The Nightstand

Watching Movies and Wondering about Metaphysics in an Anxious Age

Casey Spinks muses on zombie shows, Pixar movies, Scorsese films, metaphysical realism, and the philosophical fate of modern culture in his review of Age of Anxiety: Meaning, Identity, and Politics in 21st-Century Film and Literature, by Anthony Wachs and Jon Schaff.

Remembering Our Names After the Fall

Rural Rebellion by Ross Benes, examines the changing politics of rural Nebraska from the perspective of a native son living in Brooklyn. Nebraska is a cycle of poems by Kwame Dawes, a Ghanaian-born poet teaching at the University of Nebraska-Lincoln. Both address the identity crisis of our time and call us to remember the real names of things.

Reading with Our Hearts: A Review of Enjoying The Bible

Enjoying the Bible is a book about beholding the deep riches of beauty in Scripture and allowing its literary elements to shape our humanity. A literary approach to Scripture teaches our students how to love rather than merely what to think.

Teaching (or Cultivating) Sustainability (or Inhabitance), Ten Years On

As utopian as "religious education" and "local food tours" may seem, that doesn't mean we can't approach them with a hope for real formation work in mind.

Organized Leisure and the Construction of American Community 

Was the experience of “community” in an Ohio town during Ervin’s lifetime fundamentally more compelling and authentic than has been possible after the post-war economic boom? Or should Ervin’s passion for organizing and social service be seen as an attempt to compensate for an actual fragility of communal life?

Dedication: In Praise of the Long-Haulers

Pete Davis lauds the “long-haulers,” people who long ago ignored the chorus which urges our younger people to “keep your options open,” and to keep building up for your Main Chance in life, the payoff after all that meritocratic, sweaty ladder-climbing.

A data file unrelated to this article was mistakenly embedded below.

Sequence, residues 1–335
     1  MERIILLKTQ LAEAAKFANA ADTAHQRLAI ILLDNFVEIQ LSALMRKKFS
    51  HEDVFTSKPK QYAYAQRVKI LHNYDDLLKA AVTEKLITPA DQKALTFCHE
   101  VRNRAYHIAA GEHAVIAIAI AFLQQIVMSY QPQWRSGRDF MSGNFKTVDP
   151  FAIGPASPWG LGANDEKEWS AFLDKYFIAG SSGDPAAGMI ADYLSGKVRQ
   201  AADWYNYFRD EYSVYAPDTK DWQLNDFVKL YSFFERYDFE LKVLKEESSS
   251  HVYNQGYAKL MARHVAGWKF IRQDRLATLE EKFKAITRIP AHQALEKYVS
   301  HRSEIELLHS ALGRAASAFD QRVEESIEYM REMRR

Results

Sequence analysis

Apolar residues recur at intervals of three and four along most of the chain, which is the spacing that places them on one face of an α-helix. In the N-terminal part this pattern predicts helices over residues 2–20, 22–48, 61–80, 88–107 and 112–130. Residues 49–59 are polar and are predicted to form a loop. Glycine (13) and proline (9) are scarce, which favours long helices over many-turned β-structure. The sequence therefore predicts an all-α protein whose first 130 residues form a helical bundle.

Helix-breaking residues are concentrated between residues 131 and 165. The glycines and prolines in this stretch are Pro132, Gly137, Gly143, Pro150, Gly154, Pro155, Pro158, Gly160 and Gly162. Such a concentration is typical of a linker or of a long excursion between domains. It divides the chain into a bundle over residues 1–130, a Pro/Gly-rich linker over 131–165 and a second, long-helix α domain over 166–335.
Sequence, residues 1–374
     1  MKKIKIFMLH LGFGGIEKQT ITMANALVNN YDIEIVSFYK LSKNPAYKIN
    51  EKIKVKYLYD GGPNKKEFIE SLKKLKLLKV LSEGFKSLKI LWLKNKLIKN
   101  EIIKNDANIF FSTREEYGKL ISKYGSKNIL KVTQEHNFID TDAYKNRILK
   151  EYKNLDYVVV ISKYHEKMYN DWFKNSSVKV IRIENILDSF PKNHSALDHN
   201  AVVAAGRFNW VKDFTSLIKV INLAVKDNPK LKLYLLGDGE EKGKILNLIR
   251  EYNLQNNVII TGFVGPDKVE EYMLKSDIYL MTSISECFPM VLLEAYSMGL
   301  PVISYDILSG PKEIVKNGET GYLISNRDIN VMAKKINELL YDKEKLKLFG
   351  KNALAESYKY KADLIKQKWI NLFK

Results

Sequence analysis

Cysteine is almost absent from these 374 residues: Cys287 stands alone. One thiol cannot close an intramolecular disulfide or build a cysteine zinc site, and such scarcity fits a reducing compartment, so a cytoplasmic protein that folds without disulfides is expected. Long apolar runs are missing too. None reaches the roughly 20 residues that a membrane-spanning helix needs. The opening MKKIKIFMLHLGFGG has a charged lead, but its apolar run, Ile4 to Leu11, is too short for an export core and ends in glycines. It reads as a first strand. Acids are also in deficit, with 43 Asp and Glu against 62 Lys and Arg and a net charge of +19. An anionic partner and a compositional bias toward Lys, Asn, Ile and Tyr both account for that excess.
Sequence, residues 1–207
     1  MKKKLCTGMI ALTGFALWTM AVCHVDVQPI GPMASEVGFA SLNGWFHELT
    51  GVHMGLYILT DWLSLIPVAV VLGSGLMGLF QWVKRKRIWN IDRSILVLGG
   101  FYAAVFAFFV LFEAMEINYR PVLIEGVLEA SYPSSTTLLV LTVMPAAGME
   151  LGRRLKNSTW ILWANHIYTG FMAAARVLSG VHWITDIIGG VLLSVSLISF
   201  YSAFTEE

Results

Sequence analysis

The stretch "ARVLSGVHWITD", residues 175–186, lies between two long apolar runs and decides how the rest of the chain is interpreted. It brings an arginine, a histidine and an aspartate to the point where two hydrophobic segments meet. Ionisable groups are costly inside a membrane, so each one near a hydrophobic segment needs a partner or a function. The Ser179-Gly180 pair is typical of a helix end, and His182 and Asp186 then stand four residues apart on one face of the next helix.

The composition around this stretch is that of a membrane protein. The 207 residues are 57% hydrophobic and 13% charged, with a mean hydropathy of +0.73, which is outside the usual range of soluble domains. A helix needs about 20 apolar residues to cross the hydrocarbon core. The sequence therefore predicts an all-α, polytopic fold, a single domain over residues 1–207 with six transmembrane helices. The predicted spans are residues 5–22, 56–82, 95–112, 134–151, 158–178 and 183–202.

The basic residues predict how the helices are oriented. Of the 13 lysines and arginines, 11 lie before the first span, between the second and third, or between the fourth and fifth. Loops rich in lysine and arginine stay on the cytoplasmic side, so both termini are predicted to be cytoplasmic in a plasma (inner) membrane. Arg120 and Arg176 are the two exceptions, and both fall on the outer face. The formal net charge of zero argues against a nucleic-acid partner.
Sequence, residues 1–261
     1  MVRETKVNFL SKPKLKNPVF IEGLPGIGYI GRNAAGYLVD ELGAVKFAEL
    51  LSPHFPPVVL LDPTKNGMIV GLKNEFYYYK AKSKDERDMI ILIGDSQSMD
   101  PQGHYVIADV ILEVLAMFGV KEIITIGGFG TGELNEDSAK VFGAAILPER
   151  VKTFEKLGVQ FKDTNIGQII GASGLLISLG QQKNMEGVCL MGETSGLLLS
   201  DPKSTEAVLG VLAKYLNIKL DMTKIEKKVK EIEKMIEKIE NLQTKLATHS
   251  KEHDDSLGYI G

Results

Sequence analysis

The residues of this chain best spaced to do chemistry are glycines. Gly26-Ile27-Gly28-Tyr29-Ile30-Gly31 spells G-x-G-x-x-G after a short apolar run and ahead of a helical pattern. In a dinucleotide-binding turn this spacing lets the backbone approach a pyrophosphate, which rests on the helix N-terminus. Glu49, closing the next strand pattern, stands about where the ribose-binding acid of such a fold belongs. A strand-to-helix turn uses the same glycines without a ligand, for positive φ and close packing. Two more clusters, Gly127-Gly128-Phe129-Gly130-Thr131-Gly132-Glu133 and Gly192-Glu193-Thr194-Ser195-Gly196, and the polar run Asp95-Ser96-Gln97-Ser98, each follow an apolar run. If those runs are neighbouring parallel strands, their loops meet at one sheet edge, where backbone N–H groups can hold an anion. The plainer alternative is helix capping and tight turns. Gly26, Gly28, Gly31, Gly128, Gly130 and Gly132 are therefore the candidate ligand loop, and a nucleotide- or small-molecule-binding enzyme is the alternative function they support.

The Restorative Tonic of Wildness

Particularly in a culture that values comfort and convenience, we need to listen to those who have encountered wilderness with the humility and attentiveness necessary to receive its instruction.

“Passionate in the Pursuit of Awe”: A Review of American Divine

In “American Divine,” it would seem that the pursuit is not so much a pursuit of divinity but rather the experience of it—the awe, which in this instance is private and individualistic, potentially addictive, and more an expression of personal epiphanies than a community-shared theology.

Making Meaning in the Haunted Midwest

Those of us committed to the Midwest and its literature can and should mourn the damages done to our region by our habits of transience. But we must also recognize, as these two books help us do, that it is not just the Midwest, but life itself, that is “fluid and impermanent.”

A Book to Guide the Church: The 1662 Book of Common...

The IE is essentially the 1662 BCP of old, but unlike the Cambridge edition it is not just that and nothing more—it is the 1662 judiciously tweaked and supplemented in a way calculated to attract both newcomers to the BCP and long-time Anglicans.